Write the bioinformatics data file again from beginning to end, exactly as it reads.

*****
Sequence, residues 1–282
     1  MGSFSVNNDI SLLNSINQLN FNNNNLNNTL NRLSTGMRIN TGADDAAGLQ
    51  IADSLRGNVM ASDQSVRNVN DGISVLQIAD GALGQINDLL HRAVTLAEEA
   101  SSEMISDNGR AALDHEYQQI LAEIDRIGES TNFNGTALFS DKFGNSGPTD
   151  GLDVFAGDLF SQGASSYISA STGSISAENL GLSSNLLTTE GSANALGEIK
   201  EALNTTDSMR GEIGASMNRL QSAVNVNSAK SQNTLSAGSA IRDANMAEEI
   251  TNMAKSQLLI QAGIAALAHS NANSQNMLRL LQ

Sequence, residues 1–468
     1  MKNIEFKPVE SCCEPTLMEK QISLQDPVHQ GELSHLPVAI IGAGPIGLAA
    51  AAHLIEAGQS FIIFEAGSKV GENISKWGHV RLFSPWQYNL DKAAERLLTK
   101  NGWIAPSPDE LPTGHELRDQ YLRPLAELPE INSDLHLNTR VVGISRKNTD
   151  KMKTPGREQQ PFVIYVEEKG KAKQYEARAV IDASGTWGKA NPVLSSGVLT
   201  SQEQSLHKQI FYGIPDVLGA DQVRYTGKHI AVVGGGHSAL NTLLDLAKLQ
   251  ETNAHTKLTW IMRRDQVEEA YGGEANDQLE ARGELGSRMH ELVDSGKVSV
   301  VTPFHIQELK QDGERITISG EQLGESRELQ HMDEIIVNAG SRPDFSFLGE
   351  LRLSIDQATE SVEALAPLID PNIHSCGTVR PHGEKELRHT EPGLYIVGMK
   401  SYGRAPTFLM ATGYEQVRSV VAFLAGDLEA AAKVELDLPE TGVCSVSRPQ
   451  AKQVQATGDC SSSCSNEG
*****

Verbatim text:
Sequence, residues 1–282
     1  MGSFSVNNDI SLLNSINQLN FNNNNLNNTL NRLSTGMRIN TGADDAAGLQ
    51  IADSLRGNVM ASDQSVRNVN DGISVLQIAD GALGQINDLL HRAVTLAEEA
   101  SSEMISDNGR AALDHEYQQI LAEIDRIGES TNFNGTALFS DKFGNSGPTD
   151  GLDVFAGDLF SQGASSYISA STGSISAENL GLSSNLLTTE GSANALGEIK
   201  EALNTTDSMR GEIGASMNRL QSAVNVNSAK SQNTLSAGSA IRDANMAEEI
   251  TNMAKSQLLI QAGIAALAHS NANSQNMLRL LQ

Sequence, residues 1–468
     1  MKNIEFKPVE SCCEPTLMEK QISLQDPVHQ GELSHLPVAI IGAGPIGLAA
    51  AAHLIEAGQS FIIFEAGSKV GENISKWGHV RLFSPWQYNL DKAAERLLTK
   101  NGWIAPSPDE LPTGHELRDQ YLRPLAELPE INSDLHLNTR VVGISRKNTD
   151  KMKTPGREQQ PFVIYVEEKG KAKQYEARAV IDASGTWGKA NPVLSSGVLT
   201  SQEQSLHKQI FYGIPDVLGA DQVRYTGKHI AVVGGGHSAL NTLLDLAKLQ
   251  ETNAHTKLTW IMRRDQVEEA YGGEANDQLE ARGELGSRMH ELVDSGKVSV
   301  VTPFHIQELK QDGERITISG EQLGESRELQ HMDEIIVNAG SRPDFSFLGE
   351  LRLSIDQATE SVEALAPLID PNIHSCGTVR PHGEKELRHT EPGLYIVGMK
   401  SYGRAPTFLM ATGYEQVRSV VAFLAGDLEA AAKVELDLPE TGVCSVSRPQ
   451  AKQVQATGDC SSSCSNEG